The inflammation of the symphysis pubis is often the result of overuse, whereby there is an abnormal muscle forces acting on the pubic symphysis. This condition is commonly observed in athletes who participate in sports with frequent activities such as kicking, twisting, pivoting, cutting, and during abrupt directional changes.
Osteitis pubis has been described in soccer, rugby, ice hockey, and distance running players. The incidence in athletes is 0.5%–8%, with a higher frequency in distance runners and athletes participating in kicking sports, mostly in male soccer players with 10%–18% of injuries per year.
Alone in 2006, osteitis pubis was estimated to cost the 16 AFL clubs over AU$1.7 million in player absence. Also, 41% of athletes who are diagnosed and treated for osteitis pubis continued to experience pain and weakness when playing despite conservative treatment that included 3 months of rest from the sport.
Studies have shown that the best approach to prevent osteitis pubis is to ensure pelvic integrity, pelvic alignment provided by a symmetric muscular strength on both sides, as well as a healthy movement in the hip and sacroiliac joints, neither excessive nor restricted.
Prevention programs include:
- Stability, flexibility and core strengthening exercises (Pilates, core stability, Swiss ball work) and flexibility training.
- The use of compression garments for support.
- Physical therapy assisted by a physiotherapist or sports medicine professional to help release tight joints and muscles, also comprising a targeted stretching and rehabilitation regime for the immediate and long-term management of the condition.
What is the pubic symphysis?
The pubic symphysis is the area where the two ends of the pubic bones meet at the groin. The pubic bones are covered with cartilage tissue and are kept together by a fibrocartilage disk firmly tightened by ligaments. Several muscles insert at this point including adductors (magnus, brevis, longus), the rectus, pectineus and gracilis muscles. Strong ligaments keep these muscles in place and limit the movement of the symphysis. However, continuous strain caused by pulling forces onto the pubic joint may trigger inflammation of the region followed by tissue destruction.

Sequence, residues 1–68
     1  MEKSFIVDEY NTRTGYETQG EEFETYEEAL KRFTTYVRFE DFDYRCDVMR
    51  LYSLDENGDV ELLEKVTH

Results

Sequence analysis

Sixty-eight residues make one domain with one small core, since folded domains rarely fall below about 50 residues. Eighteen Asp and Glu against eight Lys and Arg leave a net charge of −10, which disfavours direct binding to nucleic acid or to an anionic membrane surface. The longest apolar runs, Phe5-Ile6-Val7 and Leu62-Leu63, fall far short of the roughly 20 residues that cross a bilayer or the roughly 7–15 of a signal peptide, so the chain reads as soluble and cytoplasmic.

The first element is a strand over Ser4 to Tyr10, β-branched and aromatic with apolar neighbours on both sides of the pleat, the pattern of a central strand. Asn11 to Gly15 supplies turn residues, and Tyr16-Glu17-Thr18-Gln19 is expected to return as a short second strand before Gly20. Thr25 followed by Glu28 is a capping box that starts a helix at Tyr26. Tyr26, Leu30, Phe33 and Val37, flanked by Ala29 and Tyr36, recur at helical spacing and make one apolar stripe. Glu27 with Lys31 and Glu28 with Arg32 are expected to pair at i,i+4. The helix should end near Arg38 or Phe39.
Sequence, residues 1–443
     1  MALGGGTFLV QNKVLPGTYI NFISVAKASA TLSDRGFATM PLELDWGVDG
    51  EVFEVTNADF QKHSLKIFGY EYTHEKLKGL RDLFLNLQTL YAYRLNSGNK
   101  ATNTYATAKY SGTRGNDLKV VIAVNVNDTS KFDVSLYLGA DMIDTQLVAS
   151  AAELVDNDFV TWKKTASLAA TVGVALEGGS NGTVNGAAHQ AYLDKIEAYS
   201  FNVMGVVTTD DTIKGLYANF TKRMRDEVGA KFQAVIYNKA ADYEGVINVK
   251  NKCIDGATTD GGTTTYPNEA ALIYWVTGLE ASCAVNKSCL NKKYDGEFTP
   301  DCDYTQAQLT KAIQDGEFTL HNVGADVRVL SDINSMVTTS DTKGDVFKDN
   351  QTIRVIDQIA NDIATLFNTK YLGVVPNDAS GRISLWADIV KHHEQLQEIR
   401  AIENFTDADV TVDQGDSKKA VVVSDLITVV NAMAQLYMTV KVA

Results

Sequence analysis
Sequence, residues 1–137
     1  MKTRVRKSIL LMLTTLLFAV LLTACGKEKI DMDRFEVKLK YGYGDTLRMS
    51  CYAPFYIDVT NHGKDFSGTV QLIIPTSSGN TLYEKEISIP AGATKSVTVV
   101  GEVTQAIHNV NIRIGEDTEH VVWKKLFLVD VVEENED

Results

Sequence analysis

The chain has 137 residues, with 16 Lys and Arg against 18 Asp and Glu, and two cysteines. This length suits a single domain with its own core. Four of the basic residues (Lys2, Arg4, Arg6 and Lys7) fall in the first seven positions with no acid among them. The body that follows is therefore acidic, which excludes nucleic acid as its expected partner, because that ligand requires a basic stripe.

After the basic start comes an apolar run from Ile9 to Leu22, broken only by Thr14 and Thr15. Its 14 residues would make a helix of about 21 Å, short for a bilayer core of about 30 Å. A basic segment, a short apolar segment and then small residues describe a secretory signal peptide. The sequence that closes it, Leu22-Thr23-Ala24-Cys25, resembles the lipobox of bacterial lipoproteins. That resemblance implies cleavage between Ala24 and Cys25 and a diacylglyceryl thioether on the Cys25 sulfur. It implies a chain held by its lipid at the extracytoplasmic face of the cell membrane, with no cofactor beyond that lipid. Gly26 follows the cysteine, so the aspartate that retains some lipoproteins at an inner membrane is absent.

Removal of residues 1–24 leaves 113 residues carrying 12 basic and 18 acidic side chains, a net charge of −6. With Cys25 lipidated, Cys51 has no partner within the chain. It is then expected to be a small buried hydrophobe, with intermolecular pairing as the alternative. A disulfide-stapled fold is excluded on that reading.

Specifically in women, the greater elasticity conferred by these structures allows for the expansion of the pelvis during birth. In fact, as the pregnancy progresses and the pubic symphysis becomes more lax, women often feel pain the pubic area most often when performing asymmetric movements of the pelvis as it happens when getting out of the car.
The diagnosis, management and recovery plan for a osteitis pubis are well defined unless it becomes chronic in rare cases, thus requiring surgical intervention.
If you wish to learn about osteitis pubis see its full description on our website.
You can access the anatomy of the pelvis and hip here.
Or the examination of the pelvis and hip here.